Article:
God is very interesting in the way he chooses to teach us life long lessons. And by that token, he also takes these weird high roads and SOMEHOW uses them to teach lessons not just to you, or your family, your friends or your church...
After the launching of the internet, all of us that have needed to see this: a mother and her human-ness, a little girl who again and again proves with tooth, nail, and claw that maybe just by the SHEER Grace of God that she will overcome anything that has been thrust in her way.
Maybe the tears began in the name of sadness...but I will tell you this: they ended in the name of victory."
And THAT is Danielle Nicole. The tone of that message was a common theme in all of the messages she sent me over the last 2 1/2 years. A beautiful mind and incredible soul in a broken body. An encourager. A giver. An inspiration. A breath of fresh air. Although Danielle's fragile medical state in the past couple of years prevented her from doing many of the things she had once dreamed of doing, they did not break her spirit or her mind. It was nothing short of a miracle that even during the many times that her body started to shut down due to extreme malnutrition (a complication of her illnesses), her mind was still intact and she was still able to form her jumbled thoughts into eloquent works of art. One of her greatest dreams in life was to be an author, and she was a great one.
She emailed me early in August to share with me some very exciting progress she had made with eating orally and her overall health. She said that she hadn't told anyone outside her family yet but that she was feeling optimistic that things were turning a good way for her. Before I even had a chance to respond to her email, she sent me another message letting me know that she was sitting in the hospital at 4 am with an obstruction, and that she was heartbroken and devastated. She said, "I don't know how much longer I can keep doing the food trials. I try them over and over... But I'm stubborn and cannot believe this is my forever. I am not saying there is no hope after all. Far from that." As per her usual, she ended the message on a positive note and said, "But somehow everything is really OK in the end. I at least know, if nothing else at all, that much."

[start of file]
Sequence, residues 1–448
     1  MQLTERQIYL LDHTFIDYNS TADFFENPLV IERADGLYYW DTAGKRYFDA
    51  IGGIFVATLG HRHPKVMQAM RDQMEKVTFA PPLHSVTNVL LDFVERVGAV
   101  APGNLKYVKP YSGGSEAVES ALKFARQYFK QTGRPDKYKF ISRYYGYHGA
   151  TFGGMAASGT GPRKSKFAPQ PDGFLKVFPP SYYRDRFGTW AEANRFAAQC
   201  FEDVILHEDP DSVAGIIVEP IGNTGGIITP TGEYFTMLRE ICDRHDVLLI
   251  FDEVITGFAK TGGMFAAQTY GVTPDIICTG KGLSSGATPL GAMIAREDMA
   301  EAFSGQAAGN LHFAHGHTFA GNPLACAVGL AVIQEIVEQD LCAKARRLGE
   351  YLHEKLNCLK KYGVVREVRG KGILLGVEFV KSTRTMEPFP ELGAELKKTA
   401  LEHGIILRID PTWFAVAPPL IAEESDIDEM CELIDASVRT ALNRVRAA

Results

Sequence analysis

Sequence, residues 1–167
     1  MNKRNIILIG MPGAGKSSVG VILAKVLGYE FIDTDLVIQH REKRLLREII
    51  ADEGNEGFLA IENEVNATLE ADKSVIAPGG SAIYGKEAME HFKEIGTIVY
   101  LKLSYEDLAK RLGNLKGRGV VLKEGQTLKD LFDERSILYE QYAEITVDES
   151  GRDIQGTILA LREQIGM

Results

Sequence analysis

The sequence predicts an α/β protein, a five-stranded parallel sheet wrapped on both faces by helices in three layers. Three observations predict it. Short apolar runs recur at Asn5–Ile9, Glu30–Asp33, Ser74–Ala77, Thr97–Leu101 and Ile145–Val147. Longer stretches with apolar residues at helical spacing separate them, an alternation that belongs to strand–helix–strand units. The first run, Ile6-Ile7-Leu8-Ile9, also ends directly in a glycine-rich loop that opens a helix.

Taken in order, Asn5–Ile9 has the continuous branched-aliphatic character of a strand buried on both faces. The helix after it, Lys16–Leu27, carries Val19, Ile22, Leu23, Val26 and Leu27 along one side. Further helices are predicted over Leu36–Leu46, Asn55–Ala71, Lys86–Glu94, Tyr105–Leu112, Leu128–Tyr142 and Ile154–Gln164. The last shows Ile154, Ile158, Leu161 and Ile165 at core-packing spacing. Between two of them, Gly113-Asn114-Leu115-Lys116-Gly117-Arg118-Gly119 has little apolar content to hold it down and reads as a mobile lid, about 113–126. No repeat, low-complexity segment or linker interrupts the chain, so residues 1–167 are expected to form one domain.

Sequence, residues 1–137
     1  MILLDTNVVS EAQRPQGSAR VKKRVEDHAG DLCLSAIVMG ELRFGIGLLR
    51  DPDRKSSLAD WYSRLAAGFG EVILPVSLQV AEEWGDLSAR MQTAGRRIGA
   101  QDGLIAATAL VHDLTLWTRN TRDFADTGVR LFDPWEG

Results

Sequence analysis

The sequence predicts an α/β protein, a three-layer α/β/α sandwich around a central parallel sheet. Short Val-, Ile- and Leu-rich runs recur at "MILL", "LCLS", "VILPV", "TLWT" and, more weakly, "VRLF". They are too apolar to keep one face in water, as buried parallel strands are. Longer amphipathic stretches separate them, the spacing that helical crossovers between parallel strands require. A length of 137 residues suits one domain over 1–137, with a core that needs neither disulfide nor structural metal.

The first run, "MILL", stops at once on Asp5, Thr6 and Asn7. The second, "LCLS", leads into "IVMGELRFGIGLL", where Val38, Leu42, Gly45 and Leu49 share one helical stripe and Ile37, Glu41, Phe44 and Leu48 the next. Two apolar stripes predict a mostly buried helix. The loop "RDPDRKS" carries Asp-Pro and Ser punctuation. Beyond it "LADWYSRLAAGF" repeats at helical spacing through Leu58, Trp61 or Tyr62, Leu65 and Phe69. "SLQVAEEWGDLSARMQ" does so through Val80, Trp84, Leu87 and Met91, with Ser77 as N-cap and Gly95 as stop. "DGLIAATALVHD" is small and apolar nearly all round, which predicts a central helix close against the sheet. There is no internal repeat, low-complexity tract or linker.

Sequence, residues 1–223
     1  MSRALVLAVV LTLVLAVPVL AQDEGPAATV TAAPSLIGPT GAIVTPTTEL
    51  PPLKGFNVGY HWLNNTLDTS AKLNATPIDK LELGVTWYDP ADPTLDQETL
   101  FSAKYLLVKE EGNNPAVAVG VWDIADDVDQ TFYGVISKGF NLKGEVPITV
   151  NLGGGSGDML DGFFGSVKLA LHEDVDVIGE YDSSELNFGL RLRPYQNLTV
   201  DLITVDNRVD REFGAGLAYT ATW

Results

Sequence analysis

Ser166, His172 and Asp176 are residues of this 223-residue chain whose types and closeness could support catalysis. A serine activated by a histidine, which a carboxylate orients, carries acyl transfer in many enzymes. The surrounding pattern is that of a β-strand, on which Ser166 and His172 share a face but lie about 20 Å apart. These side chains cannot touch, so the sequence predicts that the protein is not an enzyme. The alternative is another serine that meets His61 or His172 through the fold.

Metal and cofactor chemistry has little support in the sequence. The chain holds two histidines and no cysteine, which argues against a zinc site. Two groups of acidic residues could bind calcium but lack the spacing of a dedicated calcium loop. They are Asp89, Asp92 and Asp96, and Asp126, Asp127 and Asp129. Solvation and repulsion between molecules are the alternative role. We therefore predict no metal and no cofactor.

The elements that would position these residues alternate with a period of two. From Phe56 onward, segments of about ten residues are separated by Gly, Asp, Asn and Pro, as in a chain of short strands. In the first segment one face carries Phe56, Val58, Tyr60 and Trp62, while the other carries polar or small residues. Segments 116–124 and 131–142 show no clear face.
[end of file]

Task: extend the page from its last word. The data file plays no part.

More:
That was the last message I got from her. Her final blog post explained that she had come to a place of peace an acceptance that her body was failing her for good. It is a beautifully written post, and a perfect example of how Danielle was never a victim to her illnesses. She stated, "I won the war. I am whole. I don't have to constantly fight against a body trying very hard to die while I insist I would like to stay a moment longer. I do not have to devote another second to research regarding my conditions, no longer in and out of clinic and hospital...
...this illness didn't take me, and it never could."
And it didn't. Danielle fought harder than I have seen anyone fight, and when she knew the fight was futile, SHE made the decision to stop fighting. Her fight ended this morning at the painfully young age of 27. My words will never do her justice. She has changed my life and I am eternally grateful for her. I will miss her dearly but I am grateful for all that she shared with me in the last couple of years.
I don't believe that the timing of Danielle's passing was a coincidence. Today happens to be the first day of Mitochondrial Disease Awareness Week. Despite its prevalence, most people are unfamiliar with mitochondrial disease (aka mito). The easiest way to explain mito is this. Mitochondria exist in nearly every cell in the body, and are responsible for generating most of the energy that each cell in the body needs in order to function. For individuals with mito, the mitochondria do not produce enough energy for the cells to function. If the cells don't function, the tissues made up of those cells can't function either. If the tissues don't function, the body systems can't carry out their functions. Mito can affect any and every system in the body. It is progressive and there is no cure. I don't know the statistics, but I know that mito takes the lives of far too many children and young adults every year. People like Danielle, who have so much to offer to the world and to those around them, but are taken from this world far too early. Mito needs to be researched so that treatments can be improved, which would preserve quality of life and save lives.
To learn more about mitochondrial disease, visit www.mitoaction.org and www.umdf.org